U.S. Urges Respect for Constitution in Peru Vote
Reuters -- 28 December 1999
WASHINGTON (Reuters) - The United States on Tuesday urged ''strict adherence'' to the constitution in Peru, where President Alberto Fujimori's decision to seek an unprecedented third term has been decried by opponents as a ``coup d'etat.''
``Peruvian democracy can only be strengthened through strict adherence to the constitutional order,'' a senior U.S. official said, commenting on the controversy in Peru.
Fujimori announced on Monday he would seek a third five-year term in elections next April. Ten opposition parties responded by publishing a statement on Tuesday denouncing the attempt as ''an irresponsible provocation for the country and ... a new coup d'etat aimed at consolidating autocracy.''
Opposition parties have said they would challenge Fujimori's decision before the country's top election body.
The U.S. official said the legal and constitutional issues should be resolved by the relevant Peruvian authorities.
``We are neutral on whatever government is elected in a free and fair process and we are prepared to continue our cooperative relations with whomever the Peruvian people put in office,'' the official said.
However, he said: ``We must emphasize that we are not neutral on the process. Only a free, fair and transparent electoral process will have legitimacy with the Peruvian people and the international community.''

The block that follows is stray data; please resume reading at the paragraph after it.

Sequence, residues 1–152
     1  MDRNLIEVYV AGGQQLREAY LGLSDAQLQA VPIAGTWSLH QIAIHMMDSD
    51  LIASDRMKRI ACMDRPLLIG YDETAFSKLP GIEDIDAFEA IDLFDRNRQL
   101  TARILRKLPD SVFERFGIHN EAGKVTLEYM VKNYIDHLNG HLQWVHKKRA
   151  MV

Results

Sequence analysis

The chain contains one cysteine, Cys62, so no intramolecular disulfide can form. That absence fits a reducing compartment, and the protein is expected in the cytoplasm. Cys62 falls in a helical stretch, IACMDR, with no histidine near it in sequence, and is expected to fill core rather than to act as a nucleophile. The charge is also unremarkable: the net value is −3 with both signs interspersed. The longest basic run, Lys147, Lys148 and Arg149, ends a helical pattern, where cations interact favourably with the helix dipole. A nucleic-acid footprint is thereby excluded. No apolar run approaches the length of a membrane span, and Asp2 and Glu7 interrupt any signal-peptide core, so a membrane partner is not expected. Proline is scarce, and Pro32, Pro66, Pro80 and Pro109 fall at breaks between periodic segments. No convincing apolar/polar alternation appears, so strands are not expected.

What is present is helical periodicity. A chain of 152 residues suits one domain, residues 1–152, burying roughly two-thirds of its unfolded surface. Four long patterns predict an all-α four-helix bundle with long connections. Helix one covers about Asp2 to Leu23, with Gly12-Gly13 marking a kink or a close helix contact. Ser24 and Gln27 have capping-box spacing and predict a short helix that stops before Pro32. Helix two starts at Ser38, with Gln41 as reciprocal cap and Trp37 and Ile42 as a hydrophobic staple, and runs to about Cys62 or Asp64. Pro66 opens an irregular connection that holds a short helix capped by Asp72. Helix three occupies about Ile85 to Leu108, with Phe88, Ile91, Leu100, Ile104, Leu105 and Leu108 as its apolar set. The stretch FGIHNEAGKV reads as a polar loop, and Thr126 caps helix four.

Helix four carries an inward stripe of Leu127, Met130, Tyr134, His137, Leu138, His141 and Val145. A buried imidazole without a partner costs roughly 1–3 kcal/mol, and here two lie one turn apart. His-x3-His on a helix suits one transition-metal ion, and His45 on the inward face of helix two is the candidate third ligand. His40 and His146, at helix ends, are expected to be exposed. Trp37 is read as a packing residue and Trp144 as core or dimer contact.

A State Department spokesman praised the Peruvian government for opening the country to election monitors and said Washington was prepared to work with fairly elected leaders.
``We look forward to working with a government elected in a free election,'' said spokesman Philip Reeker.
Fujimori first came to power in 1990 and was re-elected in a landslide in 1995 over former U.N. Secretary-General Javier Perez de Cuellar.
The opposition has condemned Fujimori for riding roughshod over the constitution ever since April 1992, when he dissolved Congress and the judiciary in a ``self coup'' and presided over a virtual dictatorship for eight months.
Fujimori, 61, cleared legal obstacles to a third term in 1996 when his ruling party in Congress passed a measure interpreting the constitution as allowing him to seek re-election a second time.
Despite the criticisms and an economic downturn, Fujimori leads in current polls.